In the argument section of the motion, the defendants frequently pull back the curtain on what might be their defenses on the merits once the matter of jurisdiction is decided. Some of the arguments are better than others. A striking thread running through them is circular reasoning. Because the governing documents of CTX give the synod no rights, therefore the synod cannot be awarded declaratory judgment to enforce its rights. In other words, because CTX wrongly amended the governing documents to strip the synod of any rights, therefore the synod cannot have the court decide whether it was wrong or right to amend the documents. That is circularity. It is pure fiat: you have no rights because we amend documents to say that you have no rights. Our say, no highway option.
This is the name of Lutheran ethics and higher education.
 I have written about the context leading up to this stage in the following essays and articles:
- The Sovereignty of Nebulous Ethos at Concordia Texas, Brothers of John the Steadfast, June 16, 2023.
- Two Simple Questions about Concordia Texas Throwing Off the Bylaws of the LCMS, Brothers of John the Steadfast, July 10, 2023.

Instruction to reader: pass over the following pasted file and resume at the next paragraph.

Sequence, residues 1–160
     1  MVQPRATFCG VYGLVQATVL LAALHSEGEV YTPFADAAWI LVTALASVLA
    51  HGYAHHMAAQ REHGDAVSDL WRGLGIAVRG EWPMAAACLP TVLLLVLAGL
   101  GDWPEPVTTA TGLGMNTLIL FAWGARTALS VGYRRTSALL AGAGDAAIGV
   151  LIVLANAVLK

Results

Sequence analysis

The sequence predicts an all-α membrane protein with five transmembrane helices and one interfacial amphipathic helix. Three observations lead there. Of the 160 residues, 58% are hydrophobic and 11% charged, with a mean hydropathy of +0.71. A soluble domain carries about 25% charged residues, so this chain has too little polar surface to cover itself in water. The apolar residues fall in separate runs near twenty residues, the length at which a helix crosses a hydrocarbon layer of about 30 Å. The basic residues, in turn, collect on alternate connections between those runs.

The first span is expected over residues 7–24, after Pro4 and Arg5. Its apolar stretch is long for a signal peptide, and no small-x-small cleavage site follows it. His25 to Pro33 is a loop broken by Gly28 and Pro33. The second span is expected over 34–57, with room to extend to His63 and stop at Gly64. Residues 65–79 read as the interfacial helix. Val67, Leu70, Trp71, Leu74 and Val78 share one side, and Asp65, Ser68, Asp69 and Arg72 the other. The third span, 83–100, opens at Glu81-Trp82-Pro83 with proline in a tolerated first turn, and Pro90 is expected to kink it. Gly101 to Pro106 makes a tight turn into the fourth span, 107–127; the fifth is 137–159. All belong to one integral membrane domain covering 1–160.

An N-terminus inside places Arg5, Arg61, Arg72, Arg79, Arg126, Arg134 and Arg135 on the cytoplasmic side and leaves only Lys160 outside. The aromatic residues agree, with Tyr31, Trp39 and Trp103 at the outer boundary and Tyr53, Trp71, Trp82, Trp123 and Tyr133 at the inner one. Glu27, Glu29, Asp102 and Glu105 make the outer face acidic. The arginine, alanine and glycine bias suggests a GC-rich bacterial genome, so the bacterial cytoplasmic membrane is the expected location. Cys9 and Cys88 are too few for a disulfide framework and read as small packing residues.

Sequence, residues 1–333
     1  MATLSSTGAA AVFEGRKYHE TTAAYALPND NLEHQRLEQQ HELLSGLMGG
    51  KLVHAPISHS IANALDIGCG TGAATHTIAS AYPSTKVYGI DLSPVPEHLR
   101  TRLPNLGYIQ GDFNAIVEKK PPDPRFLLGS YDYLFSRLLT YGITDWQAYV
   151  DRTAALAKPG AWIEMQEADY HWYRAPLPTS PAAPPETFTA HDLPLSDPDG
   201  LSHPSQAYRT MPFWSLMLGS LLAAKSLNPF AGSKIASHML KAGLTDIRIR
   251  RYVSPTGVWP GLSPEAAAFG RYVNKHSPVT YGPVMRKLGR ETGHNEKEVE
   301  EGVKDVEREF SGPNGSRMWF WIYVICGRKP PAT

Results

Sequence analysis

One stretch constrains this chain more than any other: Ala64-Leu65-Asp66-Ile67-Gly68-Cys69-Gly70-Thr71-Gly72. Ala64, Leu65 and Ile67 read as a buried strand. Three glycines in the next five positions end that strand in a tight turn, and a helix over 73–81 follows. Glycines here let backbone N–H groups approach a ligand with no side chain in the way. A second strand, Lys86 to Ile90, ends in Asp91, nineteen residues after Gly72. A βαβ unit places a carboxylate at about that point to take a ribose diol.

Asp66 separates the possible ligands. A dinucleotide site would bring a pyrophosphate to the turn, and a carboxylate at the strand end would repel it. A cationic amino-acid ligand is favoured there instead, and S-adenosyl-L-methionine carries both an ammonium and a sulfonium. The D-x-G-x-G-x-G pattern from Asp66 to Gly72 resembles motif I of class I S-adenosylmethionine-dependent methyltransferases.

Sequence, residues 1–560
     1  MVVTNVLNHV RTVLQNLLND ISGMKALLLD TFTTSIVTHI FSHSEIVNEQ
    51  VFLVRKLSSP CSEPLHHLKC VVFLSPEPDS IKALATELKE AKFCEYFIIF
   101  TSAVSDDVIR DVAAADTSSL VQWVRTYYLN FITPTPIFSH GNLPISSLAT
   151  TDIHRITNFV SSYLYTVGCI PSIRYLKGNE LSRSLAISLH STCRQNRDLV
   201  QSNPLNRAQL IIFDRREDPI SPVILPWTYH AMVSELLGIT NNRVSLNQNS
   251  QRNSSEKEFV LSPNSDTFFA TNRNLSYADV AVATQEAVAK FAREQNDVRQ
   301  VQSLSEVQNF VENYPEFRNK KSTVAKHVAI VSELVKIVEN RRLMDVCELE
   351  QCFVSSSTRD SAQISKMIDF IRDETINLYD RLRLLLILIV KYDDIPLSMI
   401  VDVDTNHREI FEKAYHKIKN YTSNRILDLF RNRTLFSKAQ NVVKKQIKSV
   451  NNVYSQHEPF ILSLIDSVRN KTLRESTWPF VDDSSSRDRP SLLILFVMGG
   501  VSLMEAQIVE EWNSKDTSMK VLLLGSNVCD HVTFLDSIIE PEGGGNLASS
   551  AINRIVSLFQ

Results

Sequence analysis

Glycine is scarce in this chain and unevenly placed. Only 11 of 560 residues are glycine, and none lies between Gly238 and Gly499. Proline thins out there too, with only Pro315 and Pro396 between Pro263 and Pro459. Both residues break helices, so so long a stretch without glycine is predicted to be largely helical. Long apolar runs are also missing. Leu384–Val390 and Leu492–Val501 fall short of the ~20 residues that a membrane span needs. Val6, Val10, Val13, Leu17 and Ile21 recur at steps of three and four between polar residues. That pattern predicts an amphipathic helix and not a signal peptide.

- Supporting the CTX Rebellion: Is Congregations Matter Sleep Walking?, TRHalvorson.com, July 24, 2024.
- Fox Guarding the Henhouse at Concordia University Texas, TRHalvorson.com, July 28, 1023.
- Open Arms in Missouri, Brothers of John the Steadfast, August 1, 2023.
- Complaint Filed in LCMS v. Christian, Bannwolf & Concordia University Texas, Brothers of the John the Steadfast, September 7, 2023.
- LCMS v Concordia University Texas: Some Related Documents, September 12, 2023, Brothers of John the Steadfast, September 12, 2023.
- LCMS v. Christian, et al. and 1 Corinthians 6, Brothers of John the Steadfast, September 19, 2023.
Pastor Todd Wilken has interviewed me about the context leading up to this stage in the following episodes of Issues, Etc.
- 1731. An Attempt by Concordia University Texas to Reject the Governance and Oversight of the Lutheran Church Missouri Synod – Tom Halvorson, 6/22/23.
- 1952. An Update on Concordia University Texas’ Attempt to Reject the Governance and Oversight of the Lutheran Church Missouri Synod – Tom Halvorson, 7/14/23.
- 2123. The 68th Regular Convention of the Lutheran Church Missouri Synod – Mark Stern & Tom Halvorson, 7/31/23.
- 2142. Votes at the 68th Regular Convention of the Lutheran Church Missouri Synod about Concordia University Texas and the Concordia University System – Tom Halvorson, 8/2/23.